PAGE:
Social network interviewing as an emancipatory southern methodological innovation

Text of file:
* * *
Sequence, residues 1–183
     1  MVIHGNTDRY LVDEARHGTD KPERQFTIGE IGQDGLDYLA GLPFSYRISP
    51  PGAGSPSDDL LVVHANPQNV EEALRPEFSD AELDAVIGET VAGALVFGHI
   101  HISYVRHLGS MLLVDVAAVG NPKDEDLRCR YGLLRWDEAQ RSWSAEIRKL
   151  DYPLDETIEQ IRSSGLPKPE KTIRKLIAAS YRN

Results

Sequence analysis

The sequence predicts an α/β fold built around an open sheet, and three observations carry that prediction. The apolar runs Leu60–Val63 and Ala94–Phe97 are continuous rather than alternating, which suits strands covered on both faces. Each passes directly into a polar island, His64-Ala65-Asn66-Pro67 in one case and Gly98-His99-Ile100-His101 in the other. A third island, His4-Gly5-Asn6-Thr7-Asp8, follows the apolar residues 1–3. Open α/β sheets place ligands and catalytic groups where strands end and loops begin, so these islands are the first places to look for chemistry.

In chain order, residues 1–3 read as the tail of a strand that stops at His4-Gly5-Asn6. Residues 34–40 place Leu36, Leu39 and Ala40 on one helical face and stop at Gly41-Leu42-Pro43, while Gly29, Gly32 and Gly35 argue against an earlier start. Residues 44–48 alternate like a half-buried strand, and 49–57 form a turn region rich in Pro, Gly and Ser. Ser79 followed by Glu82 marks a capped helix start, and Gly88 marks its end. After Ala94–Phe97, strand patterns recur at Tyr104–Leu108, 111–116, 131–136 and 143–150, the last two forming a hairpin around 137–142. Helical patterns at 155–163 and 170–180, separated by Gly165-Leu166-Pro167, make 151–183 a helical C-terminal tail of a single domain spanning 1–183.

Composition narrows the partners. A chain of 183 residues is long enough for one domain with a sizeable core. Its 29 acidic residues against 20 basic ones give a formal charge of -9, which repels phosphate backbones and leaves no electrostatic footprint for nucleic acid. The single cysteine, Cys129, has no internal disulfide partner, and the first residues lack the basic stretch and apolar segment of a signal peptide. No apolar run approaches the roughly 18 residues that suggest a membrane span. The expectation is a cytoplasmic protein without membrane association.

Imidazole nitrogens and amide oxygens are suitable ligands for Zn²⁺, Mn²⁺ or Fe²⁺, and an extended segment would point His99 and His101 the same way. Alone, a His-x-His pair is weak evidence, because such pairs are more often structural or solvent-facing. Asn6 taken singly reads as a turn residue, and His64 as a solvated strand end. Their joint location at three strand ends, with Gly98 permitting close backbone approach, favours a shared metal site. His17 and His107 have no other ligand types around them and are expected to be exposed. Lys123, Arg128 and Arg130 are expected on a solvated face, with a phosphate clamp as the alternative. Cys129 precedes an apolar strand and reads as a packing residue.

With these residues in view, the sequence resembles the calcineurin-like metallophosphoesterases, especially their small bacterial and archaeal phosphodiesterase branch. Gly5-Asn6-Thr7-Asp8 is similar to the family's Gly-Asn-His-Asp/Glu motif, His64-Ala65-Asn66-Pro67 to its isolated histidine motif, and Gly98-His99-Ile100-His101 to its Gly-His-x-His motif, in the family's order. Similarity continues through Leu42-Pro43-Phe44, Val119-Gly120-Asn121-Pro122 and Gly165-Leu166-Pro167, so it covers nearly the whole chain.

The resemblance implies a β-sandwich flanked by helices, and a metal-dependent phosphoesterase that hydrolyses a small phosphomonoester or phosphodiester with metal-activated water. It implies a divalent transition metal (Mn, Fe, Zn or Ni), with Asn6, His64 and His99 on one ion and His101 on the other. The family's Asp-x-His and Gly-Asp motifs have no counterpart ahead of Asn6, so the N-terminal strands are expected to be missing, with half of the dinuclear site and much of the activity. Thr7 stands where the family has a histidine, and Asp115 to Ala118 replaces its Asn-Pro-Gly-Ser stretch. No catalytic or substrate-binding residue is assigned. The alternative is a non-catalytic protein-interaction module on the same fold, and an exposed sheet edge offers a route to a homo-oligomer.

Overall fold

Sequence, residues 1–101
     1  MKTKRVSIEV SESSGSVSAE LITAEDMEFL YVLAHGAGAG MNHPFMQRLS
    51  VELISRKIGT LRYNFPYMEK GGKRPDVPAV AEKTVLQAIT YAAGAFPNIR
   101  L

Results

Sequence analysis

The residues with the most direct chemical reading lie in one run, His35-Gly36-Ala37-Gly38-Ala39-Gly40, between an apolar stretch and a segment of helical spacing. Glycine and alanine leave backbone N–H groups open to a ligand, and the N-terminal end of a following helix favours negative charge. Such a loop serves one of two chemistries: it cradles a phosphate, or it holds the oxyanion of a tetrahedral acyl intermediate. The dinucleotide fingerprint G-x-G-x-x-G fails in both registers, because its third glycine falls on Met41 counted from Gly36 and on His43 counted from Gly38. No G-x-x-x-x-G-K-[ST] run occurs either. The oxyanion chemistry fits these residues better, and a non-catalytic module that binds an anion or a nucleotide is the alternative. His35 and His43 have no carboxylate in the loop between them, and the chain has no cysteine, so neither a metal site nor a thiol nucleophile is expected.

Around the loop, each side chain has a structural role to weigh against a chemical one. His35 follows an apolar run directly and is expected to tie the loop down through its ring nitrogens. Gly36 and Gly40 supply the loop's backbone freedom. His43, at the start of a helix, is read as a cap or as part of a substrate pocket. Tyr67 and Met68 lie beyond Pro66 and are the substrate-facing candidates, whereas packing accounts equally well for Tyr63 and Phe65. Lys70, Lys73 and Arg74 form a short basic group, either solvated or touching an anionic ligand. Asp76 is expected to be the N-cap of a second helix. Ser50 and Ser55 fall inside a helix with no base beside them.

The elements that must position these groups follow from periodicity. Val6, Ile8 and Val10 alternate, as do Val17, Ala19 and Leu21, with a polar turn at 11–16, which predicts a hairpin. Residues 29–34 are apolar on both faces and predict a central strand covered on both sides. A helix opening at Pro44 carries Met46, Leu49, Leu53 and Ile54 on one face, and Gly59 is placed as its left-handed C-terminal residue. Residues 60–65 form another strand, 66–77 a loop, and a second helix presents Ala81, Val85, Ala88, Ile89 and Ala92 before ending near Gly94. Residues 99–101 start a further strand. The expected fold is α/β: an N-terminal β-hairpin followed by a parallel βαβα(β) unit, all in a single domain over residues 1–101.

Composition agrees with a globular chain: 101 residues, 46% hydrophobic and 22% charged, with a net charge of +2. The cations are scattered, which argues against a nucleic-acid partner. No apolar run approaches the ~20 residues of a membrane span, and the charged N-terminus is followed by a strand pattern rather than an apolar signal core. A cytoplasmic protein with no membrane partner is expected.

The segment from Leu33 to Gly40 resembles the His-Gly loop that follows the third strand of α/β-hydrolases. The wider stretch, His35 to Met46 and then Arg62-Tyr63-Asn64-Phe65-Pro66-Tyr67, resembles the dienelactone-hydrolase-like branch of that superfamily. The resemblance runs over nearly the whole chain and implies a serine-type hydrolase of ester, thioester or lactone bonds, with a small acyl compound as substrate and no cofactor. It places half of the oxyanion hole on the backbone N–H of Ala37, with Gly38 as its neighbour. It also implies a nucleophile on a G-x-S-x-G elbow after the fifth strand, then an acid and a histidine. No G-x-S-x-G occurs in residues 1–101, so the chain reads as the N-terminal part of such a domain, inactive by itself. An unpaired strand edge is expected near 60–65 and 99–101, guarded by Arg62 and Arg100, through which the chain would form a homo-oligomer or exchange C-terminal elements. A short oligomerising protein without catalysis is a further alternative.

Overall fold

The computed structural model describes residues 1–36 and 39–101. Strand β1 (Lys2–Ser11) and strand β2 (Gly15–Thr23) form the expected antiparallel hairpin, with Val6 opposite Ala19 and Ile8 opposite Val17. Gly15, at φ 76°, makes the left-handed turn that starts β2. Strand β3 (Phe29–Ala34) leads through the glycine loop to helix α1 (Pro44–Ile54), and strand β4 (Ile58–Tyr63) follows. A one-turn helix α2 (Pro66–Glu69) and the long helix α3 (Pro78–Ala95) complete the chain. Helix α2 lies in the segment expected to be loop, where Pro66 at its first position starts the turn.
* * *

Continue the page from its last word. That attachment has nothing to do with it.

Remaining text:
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This essay offers an example of a new methodology developed by Southern scholars in the Global South that takes seriously the aim of emancipation: research that attempts to include and benefit those who participate. Called Social Network Interviewing, the method draws on participatory action research as well as theories of social capitals in order to offer a scaffolded series of questions with which young people can engage with their networks about an issue of interest or concern for both. Drawing on three research studies in which it was used, the eight stages of Social Network Interviewing are described, which include selecting appropriate members of social networks to interview, formulating the topic for investigation, and developing questions collaboratively while aligning them to a conceptual framework. These questions include discussing current scripts and norms circulating within social networks, interrogating contexts for barriers and enablers of action, self-reflection and critique of current behaviors, differentiating between individual and collective action, developing strategies for social and systemic change, and enlarging supportive networks.